Food banks are struggling to meet the demand as they expect to give away about 4 billion pounds of food in 2015, more than double the amount provided a decade ago, according to Feeding America, the nation’s primary food bank network. Reliance on food banks exploded in 2008 when the economy tanked, yet despite the number of people who have found jobs since, many are working part-time for low wages while others have stopped looking for work. — AP, 8/14/2015
California, though it’s suffering a severe drought, is still better off than Puerto Rico. The U.S. territory
has been enduring a similar lack of rainfall, but lacks the water-related infrastructure that helps mitigate California’s shortages — and is also involved in a crisis over $73 billion in public debt it says it can’t pay. Things have only gotten worse as the summer has gone on, and households that had been getting running water every three days are now down to getting it only twice a week. From ThinkProgress: In July, usually one of the wettest months, the island got just 4 centimeters of rain. Now, 2.8 million residents live in a part of the country suffering either an “extreme” or “severe” drought, according to the National Drought Mitigation Center. — The Slate, 8/11/2015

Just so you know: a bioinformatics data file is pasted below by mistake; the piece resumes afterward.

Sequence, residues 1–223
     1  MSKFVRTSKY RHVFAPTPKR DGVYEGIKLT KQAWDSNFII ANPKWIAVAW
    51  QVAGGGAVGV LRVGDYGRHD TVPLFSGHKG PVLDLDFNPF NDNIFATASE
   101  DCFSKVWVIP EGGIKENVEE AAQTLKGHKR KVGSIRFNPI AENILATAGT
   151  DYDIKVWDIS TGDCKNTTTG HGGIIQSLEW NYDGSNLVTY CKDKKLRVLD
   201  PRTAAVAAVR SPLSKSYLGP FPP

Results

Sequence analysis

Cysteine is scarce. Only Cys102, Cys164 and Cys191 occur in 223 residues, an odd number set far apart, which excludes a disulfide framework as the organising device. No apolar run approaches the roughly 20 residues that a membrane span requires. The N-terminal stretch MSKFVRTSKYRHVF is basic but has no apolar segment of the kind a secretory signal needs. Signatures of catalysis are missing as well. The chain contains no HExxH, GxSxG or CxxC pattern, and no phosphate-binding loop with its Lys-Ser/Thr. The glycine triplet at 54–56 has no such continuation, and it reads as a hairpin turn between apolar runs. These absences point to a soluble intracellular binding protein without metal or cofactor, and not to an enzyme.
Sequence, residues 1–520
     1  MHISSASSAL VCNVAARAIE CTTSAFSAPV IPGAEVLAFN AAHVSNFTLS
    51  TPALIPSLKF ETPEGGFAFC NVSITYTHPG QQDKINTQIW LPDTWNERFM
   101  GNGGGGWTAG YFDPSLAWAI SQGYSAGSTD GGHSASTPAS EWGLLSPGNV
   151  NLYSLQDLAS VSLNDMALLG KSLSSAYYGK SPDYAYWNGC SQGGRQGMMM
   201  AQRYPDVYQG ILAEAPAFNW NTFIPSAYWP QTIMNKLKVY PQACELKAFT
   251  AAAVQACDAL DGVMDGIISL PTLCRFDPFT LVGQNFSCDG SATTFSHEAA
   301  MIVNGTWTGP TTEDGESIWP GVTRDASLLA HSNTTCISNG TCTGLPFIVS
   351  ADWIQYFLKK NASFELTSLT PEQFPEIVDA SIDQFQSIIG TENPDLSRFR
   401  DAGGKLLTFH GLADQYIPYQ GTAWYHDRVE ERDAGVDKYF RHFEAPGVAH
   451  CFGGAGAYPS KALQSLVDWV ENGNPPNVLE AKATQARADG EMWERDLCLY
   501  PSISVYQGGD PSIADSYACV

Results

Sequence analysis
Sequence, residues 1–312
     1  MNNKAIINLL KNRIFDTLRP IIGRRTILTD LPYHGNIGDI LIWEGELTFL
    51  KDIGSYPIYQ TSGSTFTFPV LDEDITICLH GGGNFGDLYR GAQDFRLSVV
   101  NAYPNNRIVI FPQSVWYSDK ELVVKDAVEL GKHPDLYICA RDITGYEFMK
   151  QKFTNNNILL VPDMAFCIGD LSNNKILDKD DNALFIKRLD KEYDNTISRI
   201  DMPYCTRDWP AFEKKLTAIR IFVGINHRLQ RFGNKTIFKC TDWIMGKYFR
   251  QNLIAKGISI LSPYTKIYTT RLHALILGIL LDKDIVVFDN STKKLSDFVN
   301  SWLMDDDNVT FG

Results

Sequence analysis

The American Beverage Association (ABA) is suing the city of San Francisco over mandatory labeling warnings on soda advertisements. The legislation requires that all sugar-sweetened beverages include a warning about “harmful health effects” of sugared beverages. The ABA states the required warning labels do not cite the dietary recommendations which say that sugar-sweetened beverages may be consumed as part of a healthy diet. It also says that the requirement singles out beverages while ignoring other foods that contain sugar. — Food Navigator, 7/29/2015